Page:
This one-off research and development event will involve ten Propeller actors, artistic director Edward Hall, designer Michael Pavelka, lighting designer Ben Omerod and text editor Roger Warren who will, along with leading scholars and invited delegates, investigate the text through rehearsal and discussion. Additional speakers will include Professor Jean Howard (Columbia University, NY), Peter Kirwan (Nottingham University), Lucy Cullingford (University of Warwick), David Lindley (Leeds University) and Paul Allen (presenter of “Night Waves”).


Following the symposium, Propeller will be offering workshops, masterclasses and rehearsed readings of the text to schools, colleges and universities.


For further information, ticketing enquiries or to book a workshop for your institution please contact Executive Producer Caro MacKay on 01386 853206 or email  This email address is being protected from spambots. You need JavaScript enabled to view it.




In 2013/14 the company toured worldwide with a double bill of A Midsummer Night’s Dream and The Comedy of Errors. This was followed by a tour of Pocket Dream, a sixty-minute version of their full-length production which has toured to schools and theatres around the country. Pocket Comedy follows in January 2015.


For more information please visit


PROPELLER seeks to find a more engaging way of expressing Shakespeare and to more completely explore the relationship between text and performance. Mixing a rigorous approach to the text with a modern physical aesthetic, they have been influenced by mask work, animation and classic and modern film and music from all ages. Productions are directed by Edward Hall and designed  by Michael Pavelka. Propeller has toured internationally to Australia, Bangladesh, China, Cyprus, Denmark, France, Germany, Hong Kong, Indonesia, Ireland, Italy, Japan, Malaysia, Malta, Mexico, New Zealand, the Philippines, Poland, Romania, Spain, Sri Lanka, Turkey and the USA.


WIMBLEDON COLLEGE OF ARTS is a constituent college of the University of the Arts London, along with Camberwell College of Arts, Central Saint Martins College of Art and Design, Chelsea College of Art and Design, London College of Communication and London College of Fashion. It has the largest theatre design department in Europe.


For more information please visit




Propeller Theatre Company and Wimbledon College of Arts, UAL


‘Propelling Edward III’: Research in Action


Friday 30th and Saturday 31st January 2015 WCA Theatre Space

Limited delegate tickets available to purchase. Please contact Caro MacKay  This email address is being protected from spambots. You need JavaScript enabled to view it.





Edward Hall – Artistic Director


Edward is Artistic Director of Propeller Theatre Company and Hampstead Theatre.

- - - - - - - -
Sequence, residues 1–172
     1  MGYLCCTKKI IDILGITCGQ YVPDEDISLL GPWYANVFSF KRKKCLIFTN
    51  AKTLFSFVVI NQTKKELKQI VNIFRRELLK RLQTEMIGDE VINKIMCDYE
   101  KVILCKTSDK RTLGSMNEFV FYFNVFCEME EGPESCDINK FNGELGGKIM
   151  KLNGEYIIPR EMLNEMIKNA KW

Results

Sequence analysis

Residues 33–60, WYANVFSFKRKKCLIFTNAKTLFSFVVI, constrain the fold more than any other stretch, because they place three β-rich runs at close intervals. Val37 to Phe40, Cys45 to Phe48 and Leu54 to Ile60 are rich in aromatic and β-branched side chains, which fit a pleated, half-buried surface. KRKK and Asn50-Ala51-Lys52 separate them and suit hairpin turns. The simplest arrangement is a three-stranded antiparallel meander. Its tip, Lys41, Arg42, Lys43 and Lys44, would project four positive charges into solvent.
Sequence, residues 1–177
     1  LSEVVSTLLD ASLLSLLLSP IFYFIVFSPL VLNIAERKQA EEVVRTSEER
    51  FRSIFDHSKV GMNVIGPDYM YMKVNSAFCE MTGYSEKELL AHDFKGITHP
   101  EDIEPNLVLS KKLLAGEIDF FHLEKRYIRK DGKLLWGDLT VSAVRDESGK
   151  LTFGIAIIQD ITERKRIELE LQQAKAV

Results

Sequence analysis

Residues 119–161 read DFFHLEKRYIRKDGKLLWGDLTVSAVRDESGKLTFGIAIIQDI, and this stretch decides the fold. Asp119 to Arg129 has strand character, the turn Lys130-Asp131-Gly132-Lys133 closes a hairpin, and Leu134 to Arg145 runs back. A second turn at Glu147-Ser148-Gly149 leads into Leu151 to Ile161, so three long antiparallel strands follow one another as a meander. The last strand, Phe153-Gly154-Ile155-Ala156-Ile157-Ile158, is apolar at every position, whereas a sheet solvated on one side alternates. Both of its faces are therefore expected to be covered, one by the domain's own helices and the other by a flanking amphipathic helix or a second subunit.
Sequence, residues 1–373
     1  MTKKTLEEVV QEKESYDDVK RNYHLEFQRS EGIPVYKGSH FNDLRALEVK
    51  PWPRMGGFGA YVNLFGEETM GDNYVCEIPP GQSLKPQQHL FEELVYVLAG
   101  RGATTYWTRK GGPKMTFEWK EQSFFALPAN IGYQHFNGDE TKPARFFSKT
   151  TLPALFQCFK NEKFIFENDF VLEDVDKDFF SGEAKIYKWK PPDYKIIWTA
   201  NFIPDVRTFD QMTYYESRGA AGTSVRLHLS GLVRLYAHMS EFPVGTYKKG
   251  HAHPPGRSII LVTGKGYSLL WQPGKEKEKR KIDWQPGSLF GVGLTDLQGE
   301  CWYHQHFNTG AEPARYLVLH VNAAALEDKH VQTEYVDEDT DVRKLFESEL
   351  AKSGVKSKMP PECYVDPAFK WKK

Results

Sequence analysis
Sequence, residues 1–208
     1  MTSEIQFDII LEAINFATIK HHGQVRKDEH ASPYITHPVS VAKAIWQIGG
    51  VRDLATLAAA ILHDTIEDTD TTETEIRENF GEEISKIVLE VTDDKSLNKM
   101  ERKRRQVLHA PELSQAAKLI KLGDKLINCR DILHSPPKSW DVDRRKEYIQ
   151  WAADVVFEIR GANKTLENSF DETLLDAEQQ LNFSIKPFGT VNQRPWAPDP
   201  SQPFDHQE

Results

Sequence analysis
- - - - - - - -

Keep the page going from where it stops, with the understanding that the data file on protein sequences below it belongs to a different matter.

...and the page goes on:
Theatre  includes  Sunny  Afternoon,  Chariots  Of  Fire,  No  Naughty  Bits,  Loyalty,  Enlightenment (Hampstead Theatre); The Taming of the Shrew, Twelfth Night, Richard III, The Comedy of Errors, The Merchant of Venice, A Midsummer Night’s Dream (Propeller, UK and international tour), Two Men of Florence with Edward Herrmann (Huntington Theatre, Boston), The Deep BlueSea with Greta Scaatchi (Vaudeville Theatre), For Services Rendered (Watermill Theatre Newbury), The Taming of the Shrew and Twelfth Night (Propeller, RSC, Old Vic & world tour – Drama Desk Award nomination in New York), Mark Ravenhill’s Dick Whittington (Barbican), Once In A Lifetime with David Suchet (National Theatre), A Streetcar Named Desire with Natasha Richardson & John C Reilly (Roundabout Theatre, New York), The Winter’s Tale (Propeller, National & World Tour), A Funny Thing Happened On The Way To The Forum (National Theatre – Olivier Award Nomination for Outstanding Musical Production), Calico (Duke of York’s), Edmond with Kenneth Branagh (National Theatre), A Midsummer Night’s Dream (Propeller, Comedy Theatre; Watermill Theatre Newbury; UK Tour - TMA Award for Best Touring Production), The Hinge of the World (Guildford), Macbeth with Sean Bean & Samantha Bond (Albery Theatre), Rose Rage adapted with Roger Warren from Henry VI parts I, II and III (Propeller, Haymarket Theatre, Watermill Theatre, UK/International Tour and Chicago Shakespeare Theatre; Duke’s Theatre, New York – Olivier Award Nomination for Best Director and TMA Award for Best Touring Production), The Constant Wife (Apollo), Putting It Together (Chichester), Julius Caesar (RSC), Tantalus (Denver Centre and UK Tour), Henry V (RSC – The South Bank Show Award for Theatre  for The Histories), Twelfth Night (Propeller, Watermill Theatre Newbury– Winner of the TMA/Barclays Theatre Best Director Award), Sacred Heart (Royal Court Theatre Upstairs), Celaine (Hampstead Theatre), The Two Gentleman of Verona (RSC), The Comedy of Errors and Henry V (Propeller, Watermill Theatre, Newbury; Pleasance Theatre London; RSC - The Other Place, Stratford and International Tour), That Good Night (Yvonne Arnaud Tour), Othello (Propeller, Watermill Theatre Newbury and the Tokyo Globe), Richard III (Tokyo Globe), Cain (Minerva  Studio, Chichester).


His production of A Midsummer Night’s Dream for Propeller which played in London at the Comedy Theatre in 2003, went on to play at the Brooklyn Academy of Music in New York in early 2004, where both he and the production were nominated for Drama Desk Awards.